I continue to be amazed by Larry Page - it is impossible to you as anything but a denialist with an agenda. Why? You selectively report on stories. At the beginning of this article you reference the hubbub about Arctic ice extent (or record low as the case is being reported every where else). HOWEVER, you never actually reported on it for El Reg. Rather you report a story with an alternate slant and then marginally reference the topic du joir. How can that come across as anything but cherry picking? Larry - maybe you are right - maybe the climate issues we are seeing are nothing but normal variance, but you undermine the trustworthiness of your position by deliberate cherry picking - the very thing you acuse the "other side" of doing. You can't win an argument by ceding the moral high ground every chance you get.

    1. itzman

      Re: Did I miss an article?

      I think you miss Lewis' irony.

      He is merely demonstrating that the (correct?) selective data pickling can prove the exact opposite of what the original selective data picking set out to prove.

      A classic example was thrown in my face recently. There is a report - the Hughes report - on renewable energy and one of the points it makes is that with gas prices high, and no subsidies, gas is having a hard time competing with coal, which is cheaper, even with the swingeing taxation it gets, and can't compete with wind, which is guaranteed by dint of massive subsidies, to command a price 2-5 times higher than a gas power station can do.

      The thrower claimed this 'proved' that 'wind was cheaper than gas' and was 'driving it out of the market'.

  16. Battsman

    ROFLCOPTER Larry does not equal Lewis

    I hit send and think to myself - I just typed Larry instead of Lewis right??? GRRRR. My FAIL on name.

  17. James Geldart

    sorry but...

    Look, sea ice in the Antarctic is only a tiny fraction of the total, and isn't really significant as it's the land ice (which is there year round) which contributes most to the albedo. In the North, sea ice is much more significant as there isn't so much land ice.

    There's a good, balanced article at

    Climate change is real, let's have the real discussion about what, if anything, we do about it.

    1. Scroticus Canis

      Re: sorry but...

      Well for one, don't invest in seaside property, or if you already have speak to the Dutch about how to build a proper dyke (NOT the comfortable shoes variety) as the Americans haven't seemed to have got the knack of it yet.

      For two, build some new generation reactors for electrical power, wind won't cut it for a proper grid supply. While it pains me as an Englishman to admit it the French have loads of reactors and haven't had the unpleasant experiences of the Ruskies, Yanks or Japanese (who's reactor was American and even then would have survived if they had bunkered the back up generators properly).

      Climate has always changed since the planet got an atmosphere; adapt or die!

      1. itzman

        Re: sorry but...

        I wouldn't worry about sea levels They have persistently failed to do more than follow the average ocean temperatures over the last dew decades. Far more apparent sea level changes due to seismic activity than rising seal levels overall.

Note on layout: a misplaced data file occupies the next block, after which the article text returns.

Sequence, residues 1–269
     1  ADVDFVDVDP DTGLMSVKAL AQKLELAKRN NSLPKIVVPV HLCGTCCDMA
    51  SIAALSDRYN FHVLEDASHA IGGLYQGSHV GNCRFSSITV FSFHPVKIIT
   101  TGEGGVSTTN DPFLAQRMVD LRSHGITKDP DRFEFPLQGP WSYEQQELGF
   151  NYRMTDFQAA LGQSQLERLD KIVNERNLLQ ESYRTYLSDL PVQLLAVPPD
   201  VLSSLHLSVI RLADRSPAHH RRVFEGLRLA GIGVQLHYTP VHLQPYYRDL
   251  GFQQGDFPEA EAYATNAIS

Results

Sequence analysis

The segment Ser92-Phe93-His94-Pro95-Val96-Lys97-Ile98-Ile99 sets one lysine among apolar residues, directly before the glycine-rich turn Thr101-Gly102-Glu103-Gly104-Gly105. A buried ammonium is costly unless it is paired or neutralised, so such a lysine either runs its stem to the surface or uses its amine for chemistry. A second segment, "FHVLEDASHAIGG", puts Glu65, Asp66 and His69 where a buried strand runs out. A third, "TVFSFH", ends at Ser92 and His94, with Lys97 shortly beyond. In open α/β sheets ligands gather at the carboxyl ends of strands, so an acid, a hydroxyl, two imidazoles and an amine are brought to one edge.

The latent heat locked up in the arctic ice sheets means they would take hundreds of years to melt anyway.

        I agree on et nuclear. Or stop worrying about CO2 and build more coal.

    2. btrower

      Re: sorry but...

      Re: There's a good, balanced article at

      OMG. Neither 'good' nor 'balanced' apply to any of the skepticalscience articles. The site '' is neither skeptical (except perhaps of basic tenets of math and science) nor 'scientific'.

      Here's a different take on that article:

      "In other words, creates an impression that ‘skeptic arguments’ are grossly wrong and simplistic, uses a manipulated quote from Michaels’ article to exemplify such a position, and then proceeds to provide a rebuttal which consists exactly of the same facts laid by him in the first place.

      John Cook, who seems to have a need to create ‘skeptical myths’ out of whole cloth (in order to debunk them), has consistently had a problem representing what people say (see here, here and here). An earlier version of his Antarctic ice post carried a slightly different passage. Even then, Cook lopped off a crucial sentence about IPCC predictions on Antarctic sea ice from Michaels’ original."


      Re: Climate change is real, let's have the real discussion about what, if anything, we do about it.

      If you can somehow make mention of it, everything will reify somehow. The reality of climate change is irrelevant. Just about everything changes. We know that money spent on research to cure disease, provide drinking water and basic necessities for people literally dying for want of them, etc will yield meaningful results.

      What should we do about 'climate change'? Very little and certainly no where near what we are doing already. The best way to cure the whole 'climate change' problem, by far, is to deeply cut their research funding. Maybe some of those savings could go back to science education. The fact that the 'climate scare' or whatever you want to call it has gotten this far is testimony to the woeful state of scientific literacy, even, it would seem, among 'scientists'.

      You just cannot have even a reasonable undergraduate literacy of science and believe all of the below:

      The climate is changing unusually and catastrophically.

      CO2 is the cause.

      Homo sapiens is the vector.

      Mankind *can* alter the course of climate change.

      Mankind *should* alter the course of climate change, rather than spend the resources elsewhere.

      Climate research is more important than providing the necessities of life to the third world.